Until the early 1900s, when Texas gushed with cheap oil, electric cars were about as popular as gas models. A century later, as governments and consumers struggle to cut fossil fuel use, EVs may be coming back.

Portuguese Prime Minister Jose Socrates has pledged to use them for 20 percent of government transportation needs, build 1,350 public recharging stations by 2011 and give buyers tax credits and subsidies of more than 8,000 euros ($11,518).

‘Three Oil Shocks’

“I’ve seen three oil shocks,” says Socrates, 52, whose country of 10.6 million has no commercial coal or oil production. “It’s not possible to live through these situations and do nothing.”

In recent decades, Nissan has made its name with the Z and Skyline GT-R sports cars. Yet the company has had a team investigating lithium-ion technology for almost two decades as it has braced for rising oil prices.

Even as Nissan shuttered factories in 1999, it continued battery work. In 2006, Ghosn overruled Nissan’s researchers and approved high-volume EV manufacturing.

“The engineers will always tell you, ‘Wait a little more,’ and if you keep playing this game, you never launch any product,” he says.

By the time Ghosn attended the World Economic Forum in Davos, Switzerland, in January 2007, he was a full-blown EV booster.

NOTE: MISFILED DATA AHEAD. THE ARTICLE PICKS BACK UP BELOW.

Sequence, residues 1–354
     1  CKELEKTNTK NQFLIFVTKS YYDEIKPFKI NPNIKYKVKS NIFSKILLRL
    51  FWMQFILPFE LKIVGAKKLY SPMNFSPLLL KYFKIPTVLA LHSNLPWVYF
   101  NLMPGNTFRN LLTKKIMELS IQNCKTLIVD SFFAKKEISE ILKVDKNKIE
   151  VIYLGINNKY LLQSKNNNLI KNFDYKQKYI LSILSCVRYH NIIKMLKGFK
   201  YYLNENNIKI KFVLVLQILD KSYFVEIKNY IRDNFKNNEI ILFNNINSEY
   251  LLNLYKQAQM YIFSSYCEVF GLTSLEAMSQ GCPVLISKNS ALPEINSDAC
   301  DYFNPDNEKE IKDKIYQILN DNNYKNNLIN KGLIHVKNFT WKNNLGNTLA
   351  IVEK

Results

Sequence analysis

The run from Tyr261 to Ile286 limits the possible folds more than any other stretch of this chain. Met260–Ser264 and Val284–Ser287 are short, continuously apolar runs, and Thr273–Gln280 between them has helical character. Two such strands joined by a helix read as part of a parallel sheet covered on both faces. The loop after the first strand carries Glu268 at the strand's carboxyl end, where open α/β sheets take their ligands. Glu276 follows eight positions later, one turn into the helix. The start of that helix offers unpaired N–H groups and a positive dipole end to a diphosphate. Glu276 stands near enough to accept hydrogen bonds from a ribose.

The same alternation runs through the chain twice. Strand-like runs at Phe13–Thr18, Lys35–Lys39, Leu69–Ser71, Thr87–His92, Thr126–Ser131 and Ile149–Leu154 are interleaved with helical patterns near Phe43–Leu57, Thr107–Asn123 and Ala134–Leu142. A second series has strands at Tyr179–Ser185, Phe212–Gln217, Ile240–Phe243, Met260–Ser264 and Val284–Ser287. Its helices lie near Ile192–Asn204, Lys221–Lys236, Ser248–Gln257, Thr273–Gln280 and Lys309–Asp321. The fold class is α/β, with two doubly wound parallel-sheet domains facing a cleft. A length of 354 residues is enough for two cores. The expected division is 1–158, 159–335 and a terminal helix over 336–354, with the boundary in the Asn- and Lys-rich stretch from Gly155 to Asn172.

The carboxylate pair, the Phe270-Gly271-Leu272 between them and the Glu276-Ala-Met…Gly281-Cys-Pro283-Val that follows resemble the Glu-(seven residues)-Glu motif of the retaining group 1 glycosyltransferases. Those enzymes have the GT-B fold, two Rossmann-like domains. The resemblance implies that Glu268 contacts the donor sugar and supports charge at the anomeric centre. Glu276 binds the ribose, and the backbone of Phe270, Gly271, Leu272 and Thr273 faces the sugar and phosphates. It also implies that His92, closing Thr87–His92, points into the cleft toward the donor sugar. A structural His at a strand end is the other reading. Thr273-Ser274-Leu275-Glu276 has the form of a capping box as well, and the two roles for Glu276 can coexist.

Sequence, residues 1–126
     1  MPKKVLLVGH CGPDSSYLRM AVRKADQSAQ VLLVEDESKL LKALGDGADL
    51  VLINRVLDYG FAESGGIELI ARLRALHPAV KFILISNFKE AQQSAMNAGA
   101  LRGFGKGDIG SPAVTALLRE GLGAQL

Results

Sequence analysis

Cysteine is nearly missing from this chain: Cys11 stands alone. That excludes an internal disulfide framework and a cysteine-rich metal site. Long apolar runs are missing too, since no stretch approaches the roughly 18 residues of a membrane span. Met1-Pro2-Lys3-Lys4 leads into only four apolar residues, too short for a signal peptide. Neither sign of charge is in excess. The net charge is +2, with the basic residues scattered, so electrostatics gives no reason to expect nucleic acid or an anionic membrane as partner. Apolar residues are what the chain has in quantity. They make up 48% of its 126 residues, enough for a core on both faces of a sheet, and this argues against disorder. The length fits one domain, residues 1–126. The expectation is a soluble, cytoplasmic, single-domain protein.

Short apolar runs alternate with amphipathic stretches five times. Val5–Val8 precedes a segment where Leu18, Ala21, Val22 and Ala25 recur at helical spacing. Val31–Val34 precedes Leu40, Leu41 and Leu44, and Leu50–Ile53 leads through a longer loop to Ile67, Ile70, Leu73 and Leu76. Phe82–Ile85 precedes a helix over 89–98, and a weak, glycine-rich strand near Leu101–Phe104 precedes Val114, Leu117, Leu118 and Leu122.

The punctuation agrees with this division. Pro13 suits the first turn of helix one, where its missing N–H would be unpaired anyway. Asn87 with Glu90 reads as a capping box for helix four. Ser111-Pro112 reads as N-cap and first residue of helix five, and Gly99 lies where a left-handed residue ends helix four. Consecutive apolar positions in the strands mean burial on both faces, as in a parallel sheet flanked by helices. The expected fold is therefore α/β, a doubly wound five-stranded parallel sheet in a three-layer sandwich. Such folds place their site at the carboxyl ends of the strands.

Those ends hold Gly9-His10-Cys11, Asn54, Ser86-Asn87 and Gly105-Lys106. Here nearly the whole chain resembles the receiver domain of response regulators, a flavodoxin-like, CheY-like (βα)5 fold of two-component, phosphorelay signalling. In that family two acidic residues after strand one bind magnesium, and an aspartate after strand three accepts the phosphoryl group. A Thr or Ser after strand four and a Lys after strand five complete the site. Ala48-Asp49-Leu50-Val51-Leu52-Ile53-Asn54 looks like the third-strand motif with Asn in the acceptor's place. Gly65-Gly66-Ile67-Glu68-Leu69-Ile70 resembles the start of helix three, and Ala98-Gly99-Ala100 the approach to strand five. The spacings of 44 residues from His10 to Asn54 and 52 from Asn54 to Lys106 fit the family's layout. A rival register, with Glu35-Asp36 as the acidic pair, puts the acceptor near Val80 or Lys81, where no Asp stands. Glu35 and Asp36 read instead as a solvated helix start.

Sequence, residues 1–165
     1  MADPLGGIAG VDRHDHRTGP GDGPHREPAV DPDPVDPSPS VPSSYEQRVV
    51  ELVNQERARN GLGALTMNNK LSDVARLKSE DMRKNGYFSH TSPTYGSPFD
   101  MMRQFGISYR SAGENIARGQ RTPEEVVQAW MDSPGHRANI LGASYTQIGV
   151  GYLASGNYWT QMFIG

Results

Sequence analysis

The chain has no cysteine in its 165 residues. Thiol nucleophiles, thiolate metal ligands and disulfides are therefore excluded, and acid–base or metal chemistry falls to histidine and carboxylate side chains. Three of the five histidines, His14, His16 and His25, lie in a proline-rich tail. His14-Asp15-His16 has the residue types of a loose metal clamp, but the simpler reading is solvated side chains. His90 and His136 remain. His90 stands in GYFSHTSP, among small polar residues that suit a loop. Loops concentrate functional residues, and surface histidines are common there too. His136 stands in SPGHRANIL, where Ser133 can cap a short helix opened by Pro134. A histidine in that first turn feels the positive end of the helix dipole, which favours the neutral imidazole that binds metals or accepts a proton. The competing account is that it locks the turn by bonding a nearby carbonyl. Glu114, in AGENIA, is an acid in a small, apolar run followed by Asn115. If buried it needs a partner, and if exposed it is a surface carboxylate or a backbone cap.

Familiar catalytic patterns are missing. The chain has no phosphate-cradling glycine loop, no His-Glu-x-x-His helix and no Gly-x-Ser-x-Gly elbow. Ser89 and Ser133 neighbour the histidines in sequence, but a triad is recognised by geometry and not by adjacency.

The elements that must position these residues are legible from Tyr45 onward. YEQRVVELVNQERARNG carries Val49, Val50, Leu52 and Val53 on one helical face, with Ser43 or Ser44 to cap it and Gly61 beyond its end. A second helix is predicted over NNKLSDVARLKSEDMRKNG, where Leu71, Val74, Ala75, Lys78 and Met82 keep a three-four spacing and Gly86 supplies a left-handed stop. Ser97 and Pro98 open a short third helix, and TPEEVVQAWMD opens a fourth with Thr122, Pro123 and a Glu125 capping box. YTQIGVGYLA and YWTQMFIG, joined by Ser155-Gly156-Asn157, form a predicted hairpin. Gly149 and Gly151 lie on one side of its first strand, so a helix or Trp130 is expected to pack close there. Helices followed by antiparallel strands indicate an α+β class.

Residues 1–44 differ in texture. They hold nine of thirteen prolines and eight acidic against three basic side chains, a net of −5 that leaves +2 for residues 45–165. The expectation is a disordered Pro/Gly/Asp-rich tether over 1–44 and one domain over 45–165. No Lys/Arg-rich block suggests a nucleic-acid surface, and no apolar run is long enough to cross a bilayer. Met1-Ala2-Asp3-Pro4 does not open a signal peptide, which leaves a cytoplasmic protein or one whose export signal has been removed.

He met Shimon Peres, the Israeli vice prime minister who’d become an EV advocate because of his country’s limited oil. Peres brought Shai Agassi, the Israeli-born founder of Better Place, a Palo Alto, California, company that builds and operates networks of recharging stations, to a meeting at Peres’s hotel.

‘I’ve Got Your Car’

As the two pitched EVs, Ghosn said he didn’t need to hear it.

“I’ve got your car,” Ghosn said, Agassi recalls. “Let’s do it.” Peres, who is now Israel’s president, declined to comment for this story.

Ghosn agreed to build 100,000 electric vehicles to be recharged by Better Place in Israel and Denmark. Peres slashed import taxes on EVs to 10 percent compared with 83 percent for gas models. Agassi is building 500,000 recharging stations where drivers use credit cards or mobile phones to pay.

In August, Ghosn drove a sky-blue Leaf onto the stage at Nissan headquarters with former Prime Minister Junichiro Koizumi riding shotgun.